After three years working in the not-for-profit world of work, Stephanie has now moved back to the private sector, but is still combining her passions. As Project Manager for SHER Consulting, Stephanie works on designing and implementing drinking water supply and sanitation infrastructure projects in East Africa, based in Rwanda.
Reconnecting with EWB
In 2019, Stephanie connected once again with EWB Australia, participating in EWB’s pilot Solutions for Sustainable Development intensive in Cambodia. The eight-day-long program delved into the fundamentals of human-centred design, sustainable development and the local culture. It was the start of another opportunity to volunteer with EWB, this time in a professional capacity, with over five years of work experience now under her hardhat.
This experience segued into joining EWB as an Australian Volunteer Professional, supporting the implementation of some of the work she contributed to as part of the 2019 Cambodia professional development intensive.
In 2020, she commenced volunteering as an EWB WASH Capacity Development Mentor in Cambodia, in a remote capacity due to the pandemic. In her role, she supports the water and sanitation project that aims to address the United Nations’ Sustainable Development Goal 6: clean water and sanitation for all. Stephanie is working with the Ministry of Rural Development in Cambodia to implement and sustain toilets and clean water systems in challenging environments, reducing the risk of disease and poor health outcomes.
The most rewarding part of her volunteer work is collaborating with the Cambodian government and other NGOs to utilise the diverse strengths of different institutions and organisations to drive positive change. Stephanie strongly believes that empowering individuals and organisations to deliver their own solutions is just as important as implementing technological solutions in driving lasting change.
“I am particularly passionate about EWB’s strategy to drive change not only through implementing technology solutions, but strengthening the capacity of individuals, organisations and institutions to deliver the solutions themselves,” says Stephanie. “It’s rewarding to see them driving their own change.”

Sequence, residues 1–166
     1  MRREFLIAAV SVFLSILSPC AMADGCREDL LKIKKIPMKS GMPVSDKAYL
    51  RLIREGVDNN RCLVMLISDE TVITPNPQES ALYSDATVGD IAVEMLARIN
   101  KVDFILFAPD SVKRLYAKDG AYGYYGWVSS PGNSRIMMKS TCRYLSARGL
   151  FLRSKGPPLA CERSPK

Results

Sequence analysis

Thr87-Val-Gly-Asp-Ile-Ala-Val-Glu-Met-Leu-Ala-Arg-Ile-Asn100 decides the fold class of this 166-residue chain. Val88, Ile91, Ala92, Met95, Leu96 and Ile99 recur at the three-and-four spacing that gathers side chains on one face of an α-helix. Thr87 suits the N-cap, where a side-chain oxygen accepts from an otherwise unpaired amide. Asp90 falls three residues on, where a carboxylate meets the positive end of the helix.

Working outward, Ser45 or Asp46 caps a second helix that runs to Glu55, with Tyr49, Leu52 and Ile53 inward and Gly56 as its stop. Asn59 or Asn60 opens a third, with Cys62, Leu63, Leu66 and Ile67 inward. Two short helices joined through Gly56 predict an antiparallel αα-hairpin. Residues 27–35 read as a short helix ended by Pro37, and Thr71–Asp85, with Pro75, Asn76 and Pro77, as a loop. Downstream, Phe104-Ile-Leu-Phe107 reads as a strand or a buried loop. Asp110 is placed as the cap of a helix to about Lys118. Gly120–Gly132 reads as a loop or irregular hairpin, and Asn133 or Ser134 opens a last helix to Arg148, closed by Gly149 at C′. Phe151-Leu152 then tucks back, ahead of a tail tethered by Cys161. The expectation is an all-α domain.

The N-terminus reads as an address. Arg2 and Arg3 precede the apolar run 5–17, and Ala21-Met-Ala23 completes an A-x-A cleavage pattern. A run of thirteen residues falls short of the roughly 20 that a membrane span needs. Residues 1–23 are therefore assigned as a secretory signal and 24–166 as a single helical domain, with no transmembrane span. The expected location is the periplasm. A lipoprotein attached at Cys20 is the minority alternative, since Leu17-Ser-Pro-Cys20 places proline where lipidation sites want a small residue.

Not just COVID
There have, however, been a few challenges working as a volunteer engineer. Working remotely due to the COVID-19 pandemic has made it difficult for her to truly grasp the cultural and social norms of the local people. It makes designing solutions that would effectively meet the unique needs of these communities more challenging. Stephanie tackles by relying on the guidance and insights of EWB’s in-country team based on the ground in Cambodia.
Stephanie is concerned about how the pandemic will impact people living in low-income countries. Specifically, that our own struggles in living with a pandemic might lead many to turn a blind eye to the struggles of those living in conflict or poverty. Being based in Rwanda, she is experiencing first-hand the effects of the pandemic on vulnerable communities, which for many have been more devastating economically than from a health perspective.
“For many people in developing countries, Coronavirus is just the tip of the iceberg of the challenges they face. We need to remember that for many people, Covid is just another difficulty and there could be other, more immediate hardships – for which we still need to provide support,” she says.
Nevertheless, Stephanie is hopeful that the skills and knowledge of all people will begin to be valued and utilised for driving change.
“I am hopeful that we will come to value the skills and knowledge of people around the world, and not just from so-called “developed” countries or with certain “formal” qualifications,” she says.
Stephanie’s next big career goal is to achieve a better work-life balance. So far, that recently included a 30 day, 500 kilometre hike along the south-Aegean coast of Turkey. Her other idea of fun includes the work she does for EWB. She says, “When we’re passionate about our work, it’s easy to let it become all-consuming; but to remain effective, one needs to take some time out – even if that’s to volunteer.”
If you’re interested in volunteering with EWB, you can find out more here.
EWB Australia’s work in Cambodia receives support from the Australian Government through the Australian NGO Cooperation Program (ANCP). You can also donate to support our work in Cambodia.